Making a Space Invaders game is up there on the list of most unconventional things you could do with a laser cutter. In watching the tiny little ships burst into flames, [Martin Raynsford’s] modification has got to be one of the more dangerous looking ones we’ve seen as well.

[Martin] always had the desire to make a tangible version of the classic game. Since his Whitetooth A1 laser cutter already contained the bulk of the moving hardware needed, not to mention an actual high powered laser to “pew pew” with, he decided it was the perfect starting point for such a project. The game is played looking down into the cutter since the laser of course fires in that direction, however a basic webcam is mounted to the laser assembly so that you can view the game on a computer screen at the proper perspective. An Arduino Mini is responsible for stepper control, allowing the player to jog back and forth and fire with a keyboard. [Martin] added an extra gear to the z-axis bed-leveler so that it could drive rows of paper invaders left and right across the bottom. Paperclips wedged into slots along a modified backboard hold each of the paper slips in place. This works ideally since they can be reloaded easily and won’t be maimed during use.

Due to the heat of the laser, landing a well positioned shot will likely nuke all of the nearby invaders as well, making for a theatrical inferno and easy win. Now to step up the difficulty level and figure out how to make them fire back…

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Digital Light Processing, So Many Tiny Mirrors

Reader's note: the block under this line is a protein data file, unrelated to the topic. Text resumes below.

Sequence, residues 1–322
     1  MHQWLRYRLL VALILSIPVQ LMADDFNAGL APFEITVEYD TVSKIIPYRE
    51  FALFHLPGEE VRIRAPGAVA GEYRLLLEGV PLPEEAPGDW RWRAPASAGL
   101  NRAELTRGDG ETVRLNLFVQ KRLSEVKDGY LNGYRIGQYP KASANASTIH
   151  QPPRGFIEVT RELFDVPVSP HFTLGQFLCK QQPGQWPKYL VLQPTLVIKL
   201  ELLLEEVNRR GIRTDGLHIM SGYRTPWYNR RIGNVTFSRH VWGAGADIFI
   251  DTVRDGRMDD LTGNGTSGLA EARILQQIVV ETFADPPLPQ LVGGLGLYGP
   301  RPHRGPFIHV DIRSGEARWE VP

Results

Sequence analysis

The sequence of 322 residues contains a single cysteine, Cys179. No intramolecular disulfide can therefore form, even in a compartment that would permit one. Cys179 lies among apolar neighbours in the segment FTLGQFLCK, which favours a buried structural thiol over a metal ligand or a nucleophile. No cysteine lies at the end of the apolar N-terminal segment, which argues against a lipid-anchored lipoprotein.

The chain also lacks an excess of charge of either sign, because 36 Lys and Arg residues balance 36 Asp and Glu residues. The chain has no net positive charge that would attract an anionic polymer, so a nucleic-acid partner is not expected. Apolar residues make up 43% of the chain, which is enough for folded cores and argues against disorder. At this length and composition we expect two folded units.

Did you know there are a million little mirrors flickering back and forth, reflecting light within some modern projectors; like a flip-dot display but at the micro level? In his video, [Ben Krasnow] explains the tiny magic at work in DLP, or digital light processing technology with a scaled up model he constructed of the moving parts.

LCD projectors work much like old slide projectors. Light is shined through a transparent screen containing the image, which is then focused and enlarged through a lens. DLP projectors however achieve the moving image in a slightly different way. A beam of focused light is shined onto a chip equipped with an array of astonishingly small mirrors. When the mirror is flipped in one direction, it reflects the light out through the lens and creates a visible pixel. When the mirror is tilted the opposite direction, no light is reflected and the pixel is dark. All of these tiny moving parts are actuated by means of static electricity, and since a pixel can effectively only either be in an on or off state without any range of value in-between, the pixel must flutter at a rate fast enough to achieve the illusion of intensity, much like pulsing an LED to create a dimming effect.